By Sarah Tuberty, president of the Rotaract Club of Sargent College Boston University, Boston, Massachusetts, USA
I awoke early on a Saturday morning to the sound of my mother’s voice. “Good morning Sarah, I signed us up for a Rotary service project. You should put on old clothes. We are painting a map on the Alamo Elementary School playground. Quick, we need to leave in 15 minutes”
A form of this conversation occurred more times than I can remember when I was growing up. My mother, Katheryn Tuberty, has been a member of the Vacaville Rotary Club in California, USA, since 1998. Someone recommended to her that as the new administrator of the local assisted living center, it would be a great way to get to know the community. She was hooked from the first meeting. She loved the club, the people, and the community. She is an engaged person of action, a prominent figure in town, and a “mover and shaker.” She is also the queen of “volun-telling.”
“Volun-telling” is when you are volunteered for a role before you even ask. I learned all about taking part in service projects when I was young because I was frequently volun-told. Annoying as it was to be woken up on a Saturday morning, I always went. I was able to work next to my mom and develop friendships with other Rotarian families. I believed in the Rotary mission. I felt connected, welcomed, and supported by my Rotary club. At the age of eight, I knew I was going to be a future Rotarian.
Life changing moment
When I was 14, my mother “volun-told” me to attend the district conference with her. My whole life changed when I met an inbound Rotary Youth Exchange Student from Columbia and learned about her experiences. Two years later, I became an ambassador of the Vacaville Rotary Club as an outbound youth exchange student to Lecco, Italy.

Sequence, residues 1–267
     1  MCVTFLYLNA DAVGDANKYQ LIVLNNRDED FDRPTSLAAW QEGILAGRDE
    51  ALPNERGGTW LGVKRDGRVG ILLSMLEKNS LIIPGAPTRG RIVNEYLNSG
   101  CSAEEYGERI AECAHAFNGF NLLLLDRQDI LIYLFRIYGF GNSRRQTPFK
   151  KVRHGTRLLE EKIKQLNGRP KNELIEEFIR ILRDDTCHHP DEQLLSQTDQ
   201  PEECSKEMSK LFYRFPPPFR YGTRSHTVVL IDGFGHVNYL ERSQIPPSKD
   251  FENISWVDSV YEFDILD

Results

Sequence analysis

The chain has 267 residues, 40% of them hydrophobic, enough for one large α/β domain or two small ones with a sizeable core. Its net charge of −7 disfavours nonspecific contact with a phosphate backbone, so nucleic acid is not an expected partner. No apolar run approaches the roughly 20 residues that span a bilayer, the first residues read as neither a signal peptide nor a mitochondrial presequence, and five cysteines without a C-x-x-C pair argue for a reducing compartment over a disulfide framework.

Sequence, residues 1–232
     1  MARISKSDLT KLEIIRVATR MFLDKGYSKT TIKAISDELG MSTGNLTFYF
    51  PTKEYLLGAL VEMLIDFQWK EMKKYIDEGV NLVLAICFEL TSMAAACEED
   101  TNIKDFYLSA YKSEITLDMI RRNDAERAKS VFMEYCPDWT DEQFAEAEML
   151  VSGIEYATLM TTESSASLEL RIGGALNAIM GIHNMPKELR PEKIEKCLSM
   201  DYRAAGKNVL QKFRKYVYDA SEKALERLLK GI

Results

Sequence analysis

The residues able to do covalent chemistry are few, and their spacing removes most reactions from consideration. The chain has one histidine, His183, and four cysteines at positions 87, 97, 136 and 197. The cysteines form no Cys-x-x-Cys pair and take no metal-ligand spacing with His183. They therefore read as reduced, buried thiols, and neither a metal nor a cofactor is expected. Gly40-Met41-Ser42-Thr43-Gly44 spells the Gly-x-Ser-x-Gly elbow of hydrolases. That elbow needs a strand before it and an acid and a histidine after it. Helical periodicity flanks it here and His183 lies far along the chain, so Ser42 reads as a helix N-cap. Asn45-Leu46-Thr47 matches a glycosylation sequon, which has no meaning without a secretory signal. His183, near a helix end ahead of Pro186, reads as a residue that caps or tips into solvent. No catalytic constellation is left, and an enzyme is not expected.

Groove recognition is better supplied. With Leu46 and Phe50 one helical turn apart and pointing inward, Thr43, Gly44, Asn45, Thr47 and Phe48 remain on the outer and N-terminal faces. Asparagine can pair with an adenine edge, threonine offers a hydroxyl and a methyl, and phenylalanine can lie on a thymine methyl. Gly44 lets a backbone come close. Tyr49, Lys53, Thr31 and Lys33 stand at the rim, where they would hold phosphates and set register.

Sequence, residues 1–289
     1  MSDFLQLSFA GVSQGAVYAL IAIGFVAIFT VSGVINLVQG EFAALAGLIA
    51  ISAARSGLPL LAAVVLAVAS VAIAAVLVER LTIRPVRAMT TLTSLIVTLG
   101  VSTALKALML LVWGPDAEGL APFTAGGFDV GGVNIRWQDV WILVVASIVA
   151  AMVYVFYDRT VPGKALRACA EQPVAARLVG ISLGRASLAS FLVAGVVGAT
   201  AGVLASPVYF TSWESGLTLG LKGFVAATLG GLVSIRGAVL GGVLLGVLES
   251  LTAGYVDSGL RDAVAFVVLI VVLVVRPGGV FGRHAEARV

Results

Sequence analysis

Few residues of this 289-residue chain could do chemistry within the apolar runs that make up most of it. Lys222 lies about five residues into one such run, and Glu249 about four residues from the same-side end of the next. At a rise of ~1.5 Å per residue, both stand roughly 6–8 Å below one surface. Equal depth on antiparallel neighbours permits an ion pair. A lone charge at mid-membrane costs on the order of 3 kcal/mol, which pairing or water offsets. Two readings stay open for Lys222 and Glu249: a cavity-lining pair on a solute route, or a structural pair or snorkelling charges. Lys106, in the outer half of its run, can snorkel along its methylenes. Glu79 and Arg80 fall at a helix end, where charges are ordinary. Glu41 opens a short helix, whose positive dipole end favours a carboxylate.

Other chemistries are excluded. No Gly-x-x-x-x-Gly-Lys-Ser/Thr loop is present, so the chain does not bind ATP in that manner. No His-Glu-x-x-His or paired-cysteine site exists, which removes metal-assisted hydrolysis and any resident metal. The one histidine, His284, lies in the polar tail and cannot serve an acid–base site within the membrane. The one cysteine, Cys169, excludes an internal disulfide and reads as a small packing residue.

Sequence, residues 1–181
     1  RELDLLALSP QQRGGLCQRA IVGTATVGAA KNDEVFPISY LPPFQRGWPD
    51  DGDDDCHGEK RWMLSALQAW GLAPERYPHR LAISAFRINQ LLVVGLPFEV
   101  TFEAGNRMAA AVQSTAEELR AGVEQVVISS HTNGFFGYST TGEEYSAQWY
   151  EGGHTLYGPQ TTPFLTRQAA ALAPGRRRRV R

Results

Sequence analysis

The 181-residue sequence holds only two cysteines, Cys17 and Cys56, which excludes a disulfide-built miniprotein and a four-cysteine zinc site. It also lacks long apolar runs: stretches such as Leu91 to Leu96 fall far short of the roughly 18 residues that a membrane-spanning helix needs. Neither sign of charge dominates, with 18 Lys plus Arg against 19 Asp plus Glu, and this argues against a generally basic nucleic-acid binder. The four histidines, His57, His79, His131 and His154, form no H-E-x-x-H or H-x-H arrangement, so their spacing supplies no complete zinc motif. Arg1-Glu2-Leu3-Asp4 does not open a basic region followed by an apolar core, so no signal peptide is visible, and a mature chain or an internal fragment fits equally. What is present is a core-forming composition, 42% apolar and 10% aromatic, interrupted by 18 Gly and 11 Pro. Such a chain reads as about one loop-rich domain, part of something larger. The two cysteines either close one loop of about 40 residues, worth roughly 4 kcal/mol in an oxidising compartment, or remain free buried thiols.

Upon my return, I was again “volun-told” into filling a vacant position as president of my high school’s Interact Club. I had an incredibly successful year with a variety of initiatives and turned the club around.
When I began an occupational therapy program at Boston University, I joined the Sargent College Boston University Rotaract Club, and now serve as president. My mom is the president of the Vacaville Rotary Club. We share stories from training sessions and conferences we’ve attended, as well as projects we have collaborated on. We decided for our year, we would set a fundraising goal of $1,000 to support an ongoing initiative to create an inclusive playground for children of all abilities. It features two challenge league baseball fields, one modeled after AT&T park in San Francisco and the other coincidentally after Fenway Park in Boston.
I have two reasons for sharing this story. First, I was fortunate to be a child of an active Rotarian. If you have children, bring them to projects, regardless of how reluctant they may be. I can assure you, I was very reluctant at 13. Explore ways to develop new club events or alter old ones to include family members and their friends. By inviting me along, my mother very intentionally instilled values of Service Above Self, and showed me what it means to be a Person of Action and to make a difference. It became part of my identity.
Second, “volun-telling” is a great way to engage young professionals who are still navigating their way into the adult world and developing careers. Don’t wait for them to ask. Let them know “we meet on Tuesdays at 12 p.m., I will put you on the roster, see you there!” This can be a very effective strategy as it breaks the ice for people. Try it out. I know quite a few people it’s worked on.